Posted by: yachtcrewsing | February 13, 2012

Barbuda, a Tropical Paradise

   If you are searching for that quintessential ‘Caribbean postcard’ place with white sand beaches, turquoise waters and blissfully barren of a tourist population, then look no further than Barbuda.

   Barbuda is Antigua’s sister island, lying 27 miles to the north, and is reachable by either a 2 hour ferry ride or a short flight. At just over half the size of Antigua, the island hosts a mere 2.5% of the total population of Antigua. This fact, coupled with the relative difficulty of getting to the island (flights are somewhat expensive and the ferry only runs once a day excluding Sundays), ensures that Barbuda has a very genuine unspoiled tropical island feel.

   Having heard of the rumoured beauty of the island (in addition to a stunning photograph of Barbuda gracing the February page of our ‘Incredible Places’ crew calendar), I had steadfastly resolved to make the trip. My previous attempt to go had been thwarted due to the sole ferry being out of commission for a week, and as we are leaving Antigua on Tuesday it was my last chance to go.

   My engineer and I set off on Saturday morning to the St. Johns ferry dock, a place located amongst the decrepit trawling vessels and smelling of a mix of putrid fish and fresh sea breeze. The ferry itself was a comfortable open-air catamaran, the wave-cutting hull shape designed for relatively smooth passages.

   Our arrival into Barbuda provided a stunning vista of the low-lying island, a three-layered strip of brilliant blue water, white sand and green foliage. Even from far away, it was evident that the stories of Barbuda’s remote beauty were true.

   The small dock on which we tied up served as the veritable ‘industrial zone’ of the island, a place where the region’s most precious commodity, sand, is exported. It was this renowned feature that brought us to the island, and we were thus determined to see some of the finest beaches in the Caribbean.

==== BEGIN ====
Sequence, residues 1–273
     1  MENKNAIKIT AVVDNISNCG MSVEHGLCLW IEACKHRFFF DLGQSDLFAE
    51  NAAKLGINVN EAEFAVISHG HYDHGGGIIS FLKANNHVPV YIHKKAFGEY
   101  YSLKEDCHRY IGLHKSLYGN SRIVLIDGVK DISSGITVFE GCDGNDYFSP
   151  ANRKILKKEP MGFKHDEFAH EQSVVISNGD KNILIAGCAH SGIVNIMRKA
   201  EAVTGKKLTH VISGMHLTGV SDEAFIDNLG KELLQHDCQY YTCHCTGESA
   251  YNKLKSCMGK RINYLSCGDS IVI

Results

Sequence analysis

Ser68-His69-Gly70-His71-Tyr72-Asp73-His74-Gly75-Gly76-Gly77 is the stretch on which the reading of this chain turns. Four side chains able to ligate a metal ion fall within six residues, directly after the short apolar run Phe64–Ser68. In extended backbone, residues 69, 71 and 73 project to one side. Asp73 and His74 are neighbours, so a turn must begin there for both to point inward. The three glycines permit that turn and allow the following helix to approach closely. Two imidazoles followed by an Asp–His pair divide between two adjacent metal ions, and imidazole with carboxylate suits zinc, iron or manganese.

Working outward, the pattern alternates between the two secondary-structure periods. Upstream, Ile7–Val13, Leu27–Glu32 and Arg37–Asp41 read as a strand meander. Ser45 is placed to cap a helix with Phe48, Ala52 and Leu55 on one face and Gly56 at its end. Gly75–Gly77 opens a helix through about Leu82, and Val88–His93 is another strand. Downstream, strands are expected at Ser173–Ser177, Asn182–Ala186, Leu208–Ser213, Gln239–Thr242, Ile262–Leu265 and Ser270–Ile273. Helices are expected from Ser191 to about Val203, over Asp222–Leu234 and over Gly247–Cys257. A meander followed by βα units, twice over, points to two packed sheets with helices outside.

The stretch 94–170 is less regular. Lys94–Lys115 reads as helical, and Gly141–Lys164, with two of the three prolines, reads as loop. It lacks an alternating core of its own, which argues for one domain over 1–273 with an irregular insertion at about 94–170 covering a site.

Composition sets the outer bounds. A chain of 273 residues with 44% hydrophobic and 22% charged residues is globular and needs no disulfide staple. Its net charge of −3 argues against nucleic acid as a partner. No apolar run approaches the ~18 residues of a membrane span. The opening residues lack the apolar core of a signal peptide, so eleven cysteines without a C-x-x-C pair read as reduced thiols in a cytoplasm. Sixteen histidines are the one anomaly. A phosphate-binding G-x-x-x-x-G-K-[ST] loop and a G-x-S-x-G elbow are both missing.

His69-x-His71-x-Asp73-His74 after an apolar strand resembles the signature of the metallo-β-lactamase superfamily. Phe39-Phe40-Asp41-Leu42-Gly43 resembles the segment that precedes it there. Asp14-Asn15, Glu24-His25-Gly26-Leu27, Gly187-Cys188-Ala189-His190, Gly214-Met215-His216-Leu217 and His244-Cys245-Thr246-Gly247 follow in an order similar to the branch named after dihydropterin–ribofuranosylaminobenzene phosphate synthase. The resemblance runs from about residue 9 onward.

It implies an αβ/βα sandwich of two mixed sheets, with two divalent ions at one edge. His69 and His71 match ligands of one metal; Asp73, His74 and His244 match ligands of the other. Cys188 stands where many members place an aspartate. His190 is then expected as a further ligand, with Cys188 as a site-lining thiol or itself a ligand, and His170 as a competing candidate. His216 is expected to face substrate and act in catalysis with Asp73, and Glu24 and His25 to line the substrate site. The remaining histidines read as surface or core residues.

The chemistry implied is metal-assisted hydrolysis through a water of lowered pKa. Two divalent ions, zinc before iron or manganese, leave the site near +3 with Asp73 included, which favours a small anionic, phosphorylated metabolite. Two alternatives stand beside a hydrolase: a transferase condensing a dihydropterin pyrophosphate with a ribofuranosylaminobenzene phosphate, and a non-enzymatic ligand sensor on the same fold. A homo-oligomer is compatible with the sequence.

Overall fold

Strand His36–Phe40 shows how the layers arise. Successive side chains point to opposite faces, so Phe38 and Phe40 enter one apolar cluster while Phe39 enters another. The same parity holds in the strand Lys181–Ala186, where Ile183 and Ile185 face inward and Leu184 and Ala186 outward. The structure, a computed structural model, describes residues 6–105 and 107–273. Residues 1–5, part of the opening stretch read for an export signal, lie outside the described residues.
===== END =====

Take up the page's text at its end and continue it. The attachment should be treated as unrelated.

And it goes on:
I had prearranged for a guide to pick us up and take us around the island, but he (in true relaxed caribbean style) forgot to show up. Thankfully, his cousin George Burton enthusiastically agreed to take us instead. A knowledgeable and helpful guide, he happily shuttled us around the island to wherever we desired to go.

   Our first destination was the caves to the north. This necessitated a scenic drive through the centre of the island, which had an Australian-outback sort of feel in addition to a plethora of donkeys (Barbuda’s main form of transport until recent years) and pheasants and wild boars (which can be hunted in an alternative tour with George). The caves themselves were situated next to a beautiful white sand beach and azure water. Although not the most amazing caves I have ever experienced, they were nonetheless well worth visiting and provided a stunning vista by a short scramble through and on top of the rocks. In addition to this location, the island also contains the reputedly stunning Darby Cave (which requires an hour hike to access) and Indian Cave (which contains petroglyphs drawn by the Amerindian settlers).

   Our next point of interest was the Martello tower, a garrison erected by the British in the mid-1700s. This building, now serving as a horse pasture, also borders on Barbuda’s famed pink sand beach. The entrance to the waterside is marked by a most adorable beach bar, with shells dangling from the ceiling and projecting the feeling that one could easily spend an entire day there. The only tourists around for miles, we managed to hail the proprietor, a native Barbudan who coincidentally had lived not far from my house back in Canada. He repeated instructed us to ‘just chill’ and slowly but happily went about getting us each a beer. We took his advice and slowly ambled along the desolate stretch of beach. It was unlike anything I have hitherto experienced- the sand was a fine powder, with such a lightness that walking upon it gave the feeling of wet silk. Although not immediately apparent, the beach had particles of pink shells and coral that lined the ridges of the white sand, creating a beautifully subtle tint. The water colour created by this sand was a pure blue, complementing the sky and sand. The astounding remoteness of this beach, coupled with its stunning natural beauty, made it the most purely idyllic location.

   Our last stop was a beach near Spanish Point, another stunning location and a great place to snorkel on a calm day. After a few hours enjoying the beauty of the area we were shuttled back to the ferry dock, reluctant to leave this Eden-like place and wishing that we had a few more days to spare. As the ferry driver put it, “even the most uptight couples who come here on vacation return on my ferry totally different people- completely relaxed and happy.”

   Having been to 14 Caribbean islands, each of which had their own special features, I can honestly say that Barbuda holds the most untouched beauty and perfectly embodies the notion of an island paradise.


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